Crimes (Mental Impairment and Unfitness to be Tried) Act 1997: Report (html)


The criminal justice system is frequently called on to respond to people charged with offences who have a mental condition, such as mental illness or disordered or impaired cognitive functioning. The Crimes (Mental Impairment and Unfitness to be Tried) Act 1997 (Vic) (‘CMIA’) deals with a small but significant number of cases involving people whose capacity or behaviour are so significantly affected by their mental condition that they require a specialised response from the law. The CMIA affects some of the most vulnerable members of our society and seeks to provide a humane and appropriate response in process and outcome. More broadly, it exists to ensure the safety of our community and to protect the rights of those people within it who are directly affected, in particular victims of crime and their families, and the family members of people subject to the CMIA.

The CMIA enshrines long-standing legal principles, fundamental to Victorian law, that all people are entitled to a fair hearing and that people should only be punished for behaviour for which they are criminally responsible. The CMIA sets out the law and process for determining whether a person is mentally unfit to stand trial for a criminal charge and whether a person, because of a mental impairment, is not criminally responsible for offending. It also sets out a system for managing people who have been found unfit to stand trial or not criminally responsible because of mental impairment.

Introduced in 1997, the CMIA abolished the system that previously existed, known as the ‘Governor’s pleasure’ regime. The Bill that introduced the CMIA received bipartisan support and was heralded as groundbreaking and progressive. It was landmark legislation that changed how Victorian law responded to people whose mental functioning was impaired to such a degree that they required a different standard of participation in the criminal justice system or for being held to account for criminal conduct. The CMIA abrogated the common law defence of insanity and established the statutory defence of mental impairment.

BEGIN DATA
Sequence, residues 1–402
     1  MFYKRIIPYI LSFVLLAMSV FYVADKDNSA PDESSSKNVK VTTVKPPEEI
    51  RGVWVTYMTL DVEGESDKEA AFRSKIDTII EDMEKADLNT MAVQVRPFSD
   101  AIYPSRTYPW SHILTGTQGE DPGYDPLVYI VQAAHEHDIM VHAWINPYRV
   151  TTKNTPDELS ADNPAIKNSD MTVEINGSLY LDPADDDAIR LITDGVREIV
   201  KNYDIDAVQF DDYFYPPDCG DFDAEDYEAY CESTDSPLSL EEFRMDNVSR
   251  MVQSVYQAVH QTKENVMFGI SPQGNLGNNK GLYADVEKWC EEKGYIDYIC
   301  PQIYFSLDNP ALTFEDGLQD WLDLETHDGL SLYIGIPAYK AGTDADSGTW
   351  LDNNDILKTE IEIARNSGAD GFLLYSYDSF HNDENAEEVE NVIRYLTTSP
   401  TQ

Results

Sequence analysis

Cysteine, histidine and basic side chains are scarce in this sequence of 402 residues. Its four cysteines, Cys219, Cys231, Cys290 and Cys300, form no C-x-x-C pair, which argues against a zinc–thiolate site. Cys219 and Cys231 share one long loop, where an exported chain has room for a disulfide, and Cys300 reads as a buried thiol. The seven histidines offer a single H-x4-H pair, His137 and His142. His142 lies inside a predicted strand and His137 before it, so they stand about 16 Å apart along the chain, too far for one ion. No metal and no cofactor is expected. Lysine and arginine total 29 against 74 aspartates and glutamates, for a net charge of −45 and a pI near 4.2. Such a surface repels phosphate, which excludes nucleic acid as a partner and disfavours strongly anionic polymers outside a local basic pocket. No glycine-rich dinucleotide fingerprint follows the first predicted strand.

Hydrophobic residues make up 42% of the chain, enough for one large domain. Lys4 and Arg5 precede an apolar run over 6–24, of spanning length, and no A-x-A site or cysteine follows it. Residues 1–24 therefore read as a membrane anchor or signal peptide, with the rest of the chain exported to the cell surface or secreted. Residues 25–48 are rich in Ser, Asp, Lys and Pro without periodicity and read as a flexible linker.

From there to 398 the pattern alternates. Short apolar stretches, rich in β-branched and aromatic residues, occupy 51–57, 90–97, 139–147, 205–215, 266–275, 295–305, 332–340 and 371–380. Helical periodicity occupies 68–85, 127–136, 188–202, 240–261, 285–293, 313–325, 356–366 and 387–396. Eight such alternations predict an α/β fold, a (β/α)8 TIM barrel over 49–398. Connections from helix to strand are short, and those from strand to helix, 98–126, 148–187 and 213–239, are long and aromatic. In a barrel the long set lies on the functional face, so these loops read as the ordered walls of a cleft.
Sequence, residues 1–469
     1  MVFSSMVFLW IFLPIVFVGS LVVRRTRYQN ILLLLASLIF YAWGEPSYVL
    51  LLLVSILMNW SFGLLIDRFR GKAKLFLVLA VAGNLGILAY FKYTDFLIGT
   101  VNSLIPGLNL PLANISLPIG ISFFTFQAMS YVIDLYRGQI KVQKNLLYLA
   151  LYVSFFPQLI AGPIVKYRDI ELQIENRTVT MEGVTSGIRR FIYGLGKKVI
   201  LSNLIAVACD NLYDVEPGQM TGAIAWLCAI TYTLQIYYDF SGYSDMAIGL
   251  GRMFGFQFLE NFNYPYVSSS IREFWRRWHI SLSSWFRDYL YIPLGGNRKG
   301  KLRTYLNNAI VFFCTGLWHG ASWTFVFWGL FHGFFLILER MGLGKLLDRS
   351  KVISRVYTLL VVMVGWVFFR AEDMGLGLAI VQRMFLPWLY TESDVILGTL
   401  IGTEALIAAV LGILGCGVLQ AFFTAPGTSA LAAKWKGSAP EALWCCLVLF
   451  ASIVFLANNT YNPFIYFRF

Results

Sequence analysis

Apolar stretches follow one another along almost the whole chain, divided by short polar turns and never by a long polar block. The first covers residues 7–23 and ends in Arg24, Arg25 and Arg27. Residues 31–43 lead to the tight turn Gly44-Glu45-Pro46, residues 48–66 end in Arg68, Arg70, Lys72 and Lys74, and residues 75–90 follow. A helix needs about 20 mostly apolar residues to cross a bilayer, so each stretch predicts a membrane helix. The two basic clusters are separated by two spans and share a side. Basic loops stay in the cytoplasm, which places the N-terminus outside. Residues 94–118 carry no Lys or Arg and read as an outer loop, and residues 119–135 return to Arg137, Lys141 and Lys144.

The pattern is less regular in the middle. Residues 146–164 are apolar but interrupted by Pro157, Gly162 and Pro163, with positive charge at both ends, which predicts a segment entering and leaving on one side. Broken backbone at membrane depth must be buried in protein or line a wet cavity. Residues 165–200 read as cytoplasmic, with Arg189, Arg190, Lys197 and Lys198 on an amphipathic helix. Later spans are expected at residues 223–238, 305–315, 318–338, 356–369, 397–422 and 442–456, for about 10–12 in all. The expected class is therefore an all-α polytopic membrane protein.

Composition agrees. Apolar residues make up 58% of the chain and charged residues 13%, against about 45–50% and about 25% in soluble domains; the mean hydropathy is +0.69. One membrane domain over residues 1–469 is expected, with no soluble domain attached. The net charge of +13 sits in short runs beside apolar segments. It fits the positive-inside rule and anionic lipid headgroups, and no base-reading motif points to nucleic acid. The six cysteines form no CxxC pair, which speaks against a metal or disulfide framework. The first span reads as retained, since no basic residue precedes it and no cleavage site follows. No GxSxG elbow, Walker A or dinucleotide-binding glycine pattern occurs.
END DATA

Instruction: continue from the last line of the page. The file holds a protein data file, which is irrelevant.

Three fundamental issues with the Governor’s pleasure regime were addressed by the introduction of the CMIA.

It introduced fairness by ensuring a process for determining the criminal responsibility of people unfit to stand trial. Previously, unfit people were detained in custody without any testing of the case against them. It introduced flexibility in the orders for supervision that could be made by a court and a comprehensive system of review of supervision orders that balanced community protection and therapeutic aims. It introduced transparency and accountability by establishing an independent and rigorous framework for release decisions to be made by the judiciary, removing the executive arm of government from such decision making.

There has been no complete review of the CMIA since it was introduced in 1997, 17 years ago. While discrete aspects of the CMIA have been examined, the Commission’s reference is the first full-scale review of the operation of this important legislation.

The terms of reference require that the Commission have regard to the recommendations made in 2013 by the Victorian Parliament Law Reform Committee in its Inquiry into Access to and Interaction with the Justice System by People with an Intellectual Disability and their Families and Carers. This the Commission has done. The Commission acknowledges the valuable work of that Committee.

The Commission was asked to review the operation of the CMIA and to consider whether changes were needed to ensure that it operates justly, effectively and consistently with its underlying principles. The Commission was asked to consider issues in the terms of reference that comprehended the operation of the CMIA in the Supreme Court and County Court, as well as the possibility of extending its operation in the Magistrates’ Court. The supplementary terms of reference, received after the Commission was well advanced in the reference, necessitated examination of the possible expansion of the CMIA’s operation in the Children’s Court. The terms of reference also sought review of the provisions governing the supervision order regime and how community and other interests are represented under the CMIA. This prompted an examination of its effect with regard to government and non-government organisations in the fields of criminal justice, health and disability that have a role under the CMIA, as well as individuals directly affected by these laws.

The Commission was also asked to have regard to the cost implications of its recommendations. In this, the Commission was greatly assisted by work it commissioned from the Melbourne School of Population and Global Health, University of Melbourne, to model particular aspects of proposed reforms.